Peppers in a jar

I added crushed garlic, sun-dried tomatoes, chopped sage picked from the herb garden, black walnuts and the cubed butternut squash.

100_8948I put it over pasta, sprinkled with the crispy bacon and added finely grated Romano cheese. A nice glass of Riesling and a slice of sourdough toast and I am in heaven.






Pear conserve

name tags

I planted three pear trees back in the winter. All I really want are the sand pears which some people also call Asian pears or pineapple pears. Sand is the best adjective, because they are gritty and coarse. I lost all the blossoms to freeze so had to buy pears at the farmers market. I bought 2 baskets last week and two more this week.

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Peel and core the pears and add a whole, fresh pineapple putting all of it through the food processor. Add 4 cups of cane sugar.

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Bring it up to a rolling boil, add cinnamon and nutmeg if you like, or a whole vanilla bean, and continue to boil for 20 minutes, stirring constantly. The pears and pineapples will become glassy and glossy. Can it all like jam following the standard water bath canning instructions.




I recently read an article on Grist about women farmers and ranchers. I’m not a farmer but I want to grow some of my own food. I am rational, though. I don’t have the time to devote to a large kitchen garden. So, I pared down my goals and focused on a few things. I want to grow tomatoes to can. I am not a fresh tomato eater as much as I am a cook that uses lots of tomatoes, mostly chopped tomatoes. So, I planted tomatoes and basil and peppers. My larger idea of food production is to grow fruit on trees to make jams, pies and cobblers. As fresh as can be from ground to plate (or freezer or water bath).

TomatoAnd so this is a bit of what I have planted: three pears, six pecans, a loquat, six arbequina olives, a Meyer lemon, a peach, eight blueberry bushes and a tended, cultivated, replanted swath of wild blackberry brambles. The blackberry canes grow wild all over my yard and I mow them over. They also grow inside my landscaped beds. So, I dig them up and replant them into a band in the southern side acre. One day, the other 23 lots in Hawk’s Ridge will be built out and the wild,  chest-high blackberry brambles will have gone the way of pine bark mulch and concrete pavers, but I will have a stripe large enough to satisfy my yearly jam making and pie baking.

Blackberry brambleI also grow herbs for cooking: rosemary, oregano, thyme, garlic chives, sage, leeks and dill. The dill is currently serving at food source for the swallowtail butterfly caterpillars. I bought two large seed packets of flower dill just for this purpose. I will plant it in the late summer out in the rear acre far away from my herb garden for the kitchen.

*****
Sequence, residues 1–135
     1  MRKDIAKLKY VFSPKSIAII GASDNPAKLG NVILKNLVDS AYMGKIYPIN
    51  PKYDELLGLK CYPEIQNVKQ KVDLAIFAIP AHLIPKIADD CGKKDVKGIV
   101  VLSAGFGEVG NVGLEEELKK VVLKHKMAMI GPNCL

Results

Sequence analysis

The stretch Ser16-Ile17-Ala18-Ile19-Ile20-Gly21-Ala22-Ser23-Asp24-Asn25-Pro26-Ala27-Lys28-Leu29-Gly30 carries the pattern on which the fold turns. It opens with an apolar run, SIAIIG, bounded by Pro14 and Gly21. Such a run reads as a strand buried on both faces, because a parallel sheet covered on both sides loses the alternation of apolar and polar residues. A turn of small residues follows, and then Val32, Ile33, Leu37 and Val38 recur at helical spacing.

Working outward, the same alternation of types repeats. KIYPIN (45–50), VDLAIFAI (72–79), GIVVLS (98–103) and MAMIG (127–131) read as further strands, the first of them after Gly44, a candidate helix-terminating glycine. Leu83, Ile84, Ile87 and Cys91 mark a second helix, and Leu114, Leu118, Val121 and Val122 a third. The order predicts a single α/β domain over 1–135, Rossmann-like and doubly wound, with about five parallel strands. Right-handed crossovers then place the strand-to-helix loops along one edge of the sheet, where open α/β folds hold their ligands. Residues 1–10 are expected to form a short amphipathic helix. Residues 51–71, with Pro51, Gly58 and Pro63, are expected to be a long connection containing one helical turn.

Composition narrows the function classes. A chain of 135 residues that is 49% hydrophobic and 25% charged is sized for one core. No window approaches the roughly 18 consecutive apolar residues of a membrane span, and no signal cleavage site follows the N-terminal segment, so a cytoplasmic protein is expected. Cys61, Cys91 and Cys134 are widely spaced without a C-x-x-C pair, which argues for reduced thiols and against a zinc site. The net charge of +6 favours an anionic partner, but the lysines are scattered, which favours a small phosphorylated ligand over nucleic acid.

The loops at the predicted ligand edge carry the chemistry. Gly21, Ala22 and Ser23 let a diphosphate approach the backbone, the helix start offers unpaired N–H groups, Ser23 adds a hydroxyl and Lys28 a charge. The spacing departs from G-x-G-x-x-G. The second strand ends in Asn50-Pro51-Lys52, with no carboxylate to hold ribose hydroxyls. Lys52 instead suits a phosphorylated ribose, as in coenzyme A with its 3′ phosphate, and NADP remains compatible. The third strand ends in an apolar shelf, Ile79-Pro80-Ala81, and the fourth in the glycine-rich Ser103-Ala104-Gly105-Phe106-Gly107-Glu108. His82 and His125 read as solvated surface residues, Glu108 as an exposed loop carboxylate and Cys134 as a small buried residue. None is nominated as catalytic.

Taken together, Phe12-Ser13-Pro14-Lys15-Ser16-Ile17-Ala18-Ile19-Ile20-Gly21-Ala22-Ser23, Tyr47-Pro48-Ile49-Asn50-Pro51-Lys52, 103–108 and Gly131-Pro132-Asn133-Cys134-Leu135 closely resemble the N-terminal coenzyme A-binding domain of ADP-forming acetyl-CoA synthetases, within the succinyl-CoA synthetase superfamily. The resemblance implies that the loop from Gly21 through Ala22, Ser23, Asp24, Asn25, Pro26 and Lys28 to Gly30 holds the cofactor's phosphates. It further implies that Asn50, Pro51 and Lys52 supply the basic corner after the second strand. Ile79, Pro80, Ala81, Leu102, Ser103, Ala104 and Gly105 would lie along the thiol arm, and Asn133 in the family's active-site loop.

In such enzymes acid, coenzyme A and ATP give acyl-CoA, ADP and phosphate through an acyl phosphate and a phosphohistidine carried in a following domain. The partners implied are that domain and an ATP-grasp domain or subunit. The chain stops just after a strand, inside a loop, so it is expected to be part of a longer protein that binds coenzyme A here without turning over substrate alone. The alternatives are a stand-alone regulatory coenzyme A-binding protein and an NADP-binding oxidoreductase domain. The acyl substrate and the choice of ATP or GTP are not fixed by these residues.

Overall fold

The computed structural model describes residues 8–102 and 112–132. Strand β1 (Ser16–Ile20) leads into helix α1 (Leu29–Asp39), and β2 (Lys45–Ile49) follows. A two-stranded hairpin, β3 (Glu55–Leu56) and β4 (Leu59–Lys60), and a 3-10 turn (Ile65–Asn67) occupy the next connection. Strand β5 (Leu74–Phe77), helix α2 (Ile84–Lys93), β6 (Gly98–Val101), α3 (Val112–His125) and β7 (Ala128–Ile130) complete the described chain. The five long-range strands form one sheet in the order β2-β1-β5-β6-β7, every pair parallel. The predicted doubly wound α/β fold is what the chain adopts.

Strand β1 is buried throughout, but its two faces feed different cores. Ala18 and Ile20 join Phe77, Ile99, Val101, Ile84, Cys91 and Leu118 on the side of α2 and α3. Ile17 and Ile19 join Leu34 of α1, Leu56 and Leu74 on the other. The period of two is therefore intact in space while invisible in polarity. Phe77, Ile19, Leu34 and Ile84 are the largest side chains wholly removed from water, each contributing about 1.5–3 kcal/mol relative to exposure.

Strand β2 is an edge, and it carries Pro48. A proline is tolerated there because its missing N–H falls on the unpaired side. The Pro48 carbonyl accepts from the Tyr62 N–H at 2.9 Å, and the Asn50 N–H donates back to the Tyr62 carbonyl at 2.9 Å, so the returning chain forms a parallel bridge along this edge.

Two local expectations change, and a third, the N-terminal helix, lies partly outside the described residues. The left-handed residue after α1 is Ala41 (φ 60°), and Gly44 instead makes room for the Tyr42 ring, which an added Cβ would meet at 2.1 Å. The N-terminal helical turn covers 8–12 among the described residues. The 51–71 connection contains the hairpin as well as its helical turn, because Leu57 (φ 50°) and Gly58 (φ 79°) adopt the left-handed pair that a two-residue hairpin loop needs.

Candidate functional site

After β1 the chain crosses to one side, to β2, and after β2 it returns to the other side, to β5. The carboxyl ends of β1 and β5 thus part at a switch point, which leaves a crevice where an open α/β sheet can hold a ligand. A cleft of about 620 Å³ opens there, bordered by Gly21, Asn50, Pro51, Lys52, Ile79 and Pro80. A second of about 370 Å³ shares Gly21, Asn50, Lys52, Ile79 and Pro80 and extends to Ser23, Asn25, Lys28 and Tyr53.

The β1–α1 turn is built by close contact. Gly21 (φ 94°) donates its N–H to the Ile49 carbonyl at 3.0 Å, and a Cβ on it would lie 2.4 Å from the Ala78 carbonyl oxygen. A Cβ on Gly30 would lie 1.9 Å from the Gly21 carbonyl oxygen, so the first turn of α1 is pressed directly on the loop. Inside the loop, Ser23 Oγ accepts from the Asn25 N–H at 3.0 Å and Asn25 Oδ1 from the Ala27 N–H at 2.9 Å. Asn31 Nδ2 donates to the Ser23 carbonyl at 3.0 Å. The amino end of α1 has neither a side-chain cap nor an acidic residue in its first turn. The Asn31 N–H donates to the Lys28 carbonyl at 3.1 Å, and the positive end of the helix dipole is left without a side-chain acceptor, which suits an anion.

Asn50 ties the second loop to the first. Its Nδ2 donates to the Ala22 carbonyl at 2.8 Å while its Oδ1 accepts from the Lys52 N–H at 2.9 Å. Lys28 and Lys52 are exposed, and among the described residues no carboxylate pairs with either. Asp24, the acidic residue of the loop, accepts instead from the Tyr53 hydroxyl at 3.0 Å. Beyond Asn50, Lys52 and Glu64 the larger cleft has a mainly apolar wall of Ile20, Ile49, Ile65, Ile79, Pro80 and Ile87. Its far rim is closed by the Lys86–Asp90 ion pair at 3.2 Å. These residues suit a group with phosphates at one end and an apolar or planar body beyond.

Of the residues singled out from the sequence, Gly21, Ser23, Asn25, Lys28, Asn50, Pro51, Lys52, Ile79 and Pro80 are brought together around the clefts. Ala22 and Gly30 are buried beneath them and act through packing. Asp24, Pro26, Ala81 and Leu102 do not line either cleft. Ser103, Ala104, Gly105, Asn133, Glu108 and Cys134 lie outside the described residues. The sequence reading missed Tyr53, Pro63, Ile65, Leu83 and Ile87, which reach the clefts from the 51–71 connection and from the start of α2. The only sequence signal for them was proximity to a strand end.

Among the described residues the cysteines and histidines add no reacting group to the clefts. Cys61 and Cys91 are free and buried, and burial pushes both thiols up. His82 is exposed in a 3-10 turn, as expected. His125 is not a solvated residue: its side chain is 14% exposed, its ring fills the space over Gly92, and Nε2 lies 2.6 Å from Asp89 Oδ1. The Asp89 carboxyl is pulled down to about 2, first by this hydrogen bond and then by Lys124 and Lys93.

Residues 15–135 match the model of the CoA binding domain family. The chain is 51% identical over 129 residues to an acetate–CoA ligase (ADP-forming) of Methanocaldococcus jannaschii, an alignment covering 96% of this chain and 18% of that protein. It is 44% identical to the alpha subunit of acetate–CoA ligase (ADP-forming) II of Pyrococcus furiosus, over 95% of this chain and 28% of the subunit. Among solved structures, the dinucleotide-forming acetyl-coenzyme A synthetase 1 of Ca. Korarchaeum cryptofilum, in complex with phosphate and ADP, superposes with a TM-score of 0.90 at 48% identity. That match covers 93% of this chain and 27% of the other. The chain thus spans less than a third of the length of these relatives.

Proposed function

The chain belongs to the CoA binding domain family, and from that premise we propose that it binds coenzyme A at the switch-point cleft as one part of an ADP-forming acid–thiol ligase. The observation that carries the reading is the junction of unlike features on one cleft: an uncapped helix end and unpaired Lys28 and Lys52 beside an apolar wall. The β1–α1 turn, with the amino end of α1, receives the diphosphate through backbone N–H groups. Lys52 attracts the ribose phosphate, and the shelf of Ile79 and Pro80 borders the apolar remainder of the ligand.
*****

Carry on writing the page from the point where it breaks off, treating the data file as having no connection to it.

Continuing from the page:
Flowering dillCaterpillarLastly, I have bees. And honey that tastes of wildflowers and berries. The bees have plenty to forage with the lilies, asters, irises, cosmos, zinnias, blackberries, wildflowers and blooming grasses.

Zinnias with blackberriesIt hasn’t been a year. I can envision the house and yard in three years, five, 10. The trees lush and grown, the garden mature, the beds packed with perennials leaving me to weed and transplant.



I love beauty. Beauty inspires me. Seeking beauty, chasing beauty, making something beautiful takes courage, demands it, it makes your heart fierce. I collect beautiful things, images; I tuck them away like tinker toys buried in a coffee can in the back yard, a time capsule to which I can return for inspiration. I savor them, even when I cannot dig them back up. I know they’re out there, hidden, safe and protected. Here are some of my old and new discoveries.

La Casa Azul: The Blue House, the house in blue, the most stunning display of simple, pragmatic beauty and the absolute impetus for Biddan Ridge. These pictures of Geninne & Manolo’s home in Mexico was my muse.

Verana: A small, secluded hotel in Mexico to which I have never been but dream of and will make a destination. I promise. Plus the music is luscious.

Garden & Gun magazine: When it arrives every other month, I savor it. I hoard it. I am a devourer of books and serialized TV shows but this magazine I savor, taking weeks to read fully. In it I discover things like Richland Rum. I go searching for the music of The Alabama Shakes and am mesmerized by a black girl singing and playing the guitar with such fierceness. And then there is the perfect biscuit.

Birthday Daisy